If it was just the bird, I probably would have managed it better. Bird and crash together meant that G-d was giving me a big exam in emuna, too. Because kids know when you’re sincere, or when you’re just parroting ‘religious’ stuff at them because it’s the right thing to do, and not because you really believe it yourself.

We ended up having a long discussion about it (relatively – she is still 11), and I can’t say that I totally convinced her, at least, not initially, that there was a big plan and that everything was exactly how it should be.

As I was talking to her, I could see I still needed some convincing myself. I mean, Rav Arush is my rabbi, and as I’ve posted here a few times already, he is a very holy, kind, humble, sincere person. And so are his kids.

On some level, I hate what’s just happened.

On some other level, I know that what Rav Arush himself wants from me is to NOT question G-d’s ways, and to accept 100% that G-d is only good.

I went to a ladies’ prayer thing at the yeshiva yesterday, for the refuah of R’ Shimon and his family, and that message came across loud and clear:

We do not question Hashem’s ways!

Rav Arush and his family are being tested so hard because he’s standing in the breach for Am Yisrael. We moan about our parnassa, or about our housing, or about our pet bird dying – instead of trying to be grateful for all the blessings G-d is continually doing for us, and all that complaining creates a massive spiritual debit against Am Yisrael.

That our tzaddikim pay off with their mesirut nefesh and suffering.

But I don’t want Rav Arush to suffer any more on my account!

The other thing that came across loud and clear from my prayer thingy is that GRATITUDE is the main area that really needs the work.

The more I, you, everyone, says ‘thank you’ to G-d, the easier it’s going to be for all of us.

I’ve struggled to really be grateful, especially recently. But I decided I owe it to Rav Arush – and the other tzadikim who are holding the fort for Am Yisrael – to really give it my best shot, now.

I want to hear good news from the hospital. I want to enjoy my own temporary life as much as I can, while I’ve still got it. I want geula to come fast, the sweet way. And I want to really show my children that G-d IS good, even when their pet bird dies unexpectedly. And I think working on my gratitude, and my emuna, is the only way I’m going to be able to do it.

As you already know if you’ve come to this blog from breslev.co.il, my kids now go to school in the Old City of Jerusalem. Yes, that Old City, with people (apparently) getting stabbed with screwdrivers, knives, bits of rusty fencing – whatever the Arabs have to hand, basically.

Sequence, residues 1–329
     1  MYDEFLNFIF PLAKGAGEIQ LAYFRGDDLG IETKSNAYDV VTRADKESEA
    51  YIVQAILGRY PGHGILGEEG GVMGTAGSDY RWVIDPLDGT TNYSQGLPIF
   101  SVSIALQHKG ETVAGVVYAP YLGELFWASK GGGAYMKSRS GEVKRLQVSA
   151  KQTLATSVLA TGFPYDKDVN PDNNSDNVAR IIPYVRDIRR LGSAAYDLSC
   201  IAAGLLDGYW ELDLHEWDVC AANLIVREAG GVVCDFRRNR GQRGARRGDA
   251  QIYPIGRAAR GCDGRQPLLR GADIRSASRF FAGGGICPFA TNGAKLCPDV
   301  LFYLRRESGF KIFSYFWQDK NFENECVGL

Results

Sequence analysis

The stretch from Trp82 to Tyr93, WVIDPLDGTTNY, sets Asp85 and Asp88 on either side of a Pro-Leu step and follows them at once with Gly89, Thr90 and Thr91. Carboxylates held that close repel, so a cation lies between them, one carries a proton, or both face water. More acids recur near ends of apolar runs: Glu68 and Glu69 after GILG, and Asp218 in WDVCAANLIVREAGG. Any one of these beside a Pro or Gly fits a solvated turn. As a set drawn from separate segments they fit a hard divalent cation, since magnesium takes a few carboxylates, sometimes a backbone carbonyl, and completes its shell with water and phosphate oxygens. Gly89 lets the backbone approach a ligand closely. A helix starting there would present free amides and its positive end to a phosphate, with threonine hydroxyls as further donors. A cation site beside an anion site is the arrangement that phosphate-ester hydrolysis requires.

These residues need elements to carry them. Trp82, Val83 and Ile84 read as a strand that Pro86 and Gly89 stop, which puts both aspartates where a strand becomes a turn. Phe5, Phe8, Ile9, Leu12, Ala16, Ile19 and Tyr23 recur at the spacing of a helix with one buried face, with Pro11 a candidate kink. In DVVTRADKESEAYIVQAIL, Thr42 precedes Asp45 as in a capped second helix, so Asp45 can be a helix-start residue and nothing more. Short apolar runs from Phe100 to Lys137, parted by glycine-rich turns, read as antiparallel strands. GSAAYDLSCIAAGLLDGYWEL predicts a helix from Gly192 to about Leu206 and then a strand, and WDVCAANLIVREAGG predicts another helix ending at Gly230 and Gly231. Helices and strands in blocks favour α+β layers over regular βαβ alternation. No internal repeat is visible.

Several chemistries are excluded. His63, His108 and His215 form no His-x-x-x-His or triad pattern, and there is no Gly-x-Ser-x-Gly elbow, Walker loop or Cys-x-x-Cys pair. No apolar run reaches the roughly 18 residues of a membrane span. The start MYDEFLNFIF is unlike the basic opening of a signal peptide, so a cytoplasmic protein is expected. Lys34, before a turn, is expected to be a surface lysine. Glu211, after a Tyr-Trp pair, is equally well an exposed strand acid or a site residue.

Usually, someone tells me a particularly ‘juicy’ stabbing story five minutes after my kids were just in the same location, or are planning to go there tomorrow, to visit some friend who lives in the Muslim Quarter, or Ir David (right next to Silwan Village) or Maalei Zeitim – that has it’s own machine-gun outpost.

Cool!

If you don’t happen to be their mother.

If you’re their mother, what else can you do besides making sure you say Tikkun Haklali pretty much every single day, and doing a ‘mini’ Pidyon Hanefesh for them every time they step out the door.

Because apart from one kid who lives in Har Homa, and another from Givat Mordechai, pretty much every single one of their classmates comes to school under armed guard – what’s called ‘levuyi’, in Hebrew.

Sometimes, when G-d gives me a rare moment to catch my breath, I think about the enormous bizarreness of so much of my life right now, and it almost makes me laugh: I mean, Arabs scare the pants off me! Almost as much as having to wear a tichel…

So the fact that my kids go to school through the Arab shuk, and that all their social engagements involve two big ex-soldier guys with guns is still something I often can’t believe.

It’s a constant, daily reminder that G-d is running the world, not me.

I have to work, constantly, to give control of so much of my life back to G-d at the moment, and to do my best to be happy about my present circumstances.

But that’s the true definition of emuna: being happy with your lot.

It’s definitely easier when your kids are going to some quiet, village prep school with excellent academic standards, you own your own house, your husband has a steady job, and you have maybe half a clue of what you think you’re doing and what it’s all about.

That said, I’m actually starting to enjoy the craziness, in a funny way. The other week, I went to Kever Dovid to do a bit of crochet and personal prayer for an hour. I felt so filled-up by that visit.

The Old City is such a holy, crazy place to be intimately involved with. On the one hand, I’m thrilled my kids are there in school, and on the other hand, I sometimes wish they were anywhere else in the country.

But then, my daughter told me an Arab stabbed some people on a bus in ‘safe’ Tel Aviv this morning (she has all the latest ‘Arab stabbing’ news, often even before Ynet), and I realised that G-d really is in charge.

We need to do what we need to do, and trust in G-d’s goodness, and then let go. We’re really not in control.

Of all the lessons I’ve learnt from my children’s school, that’s probably the most important.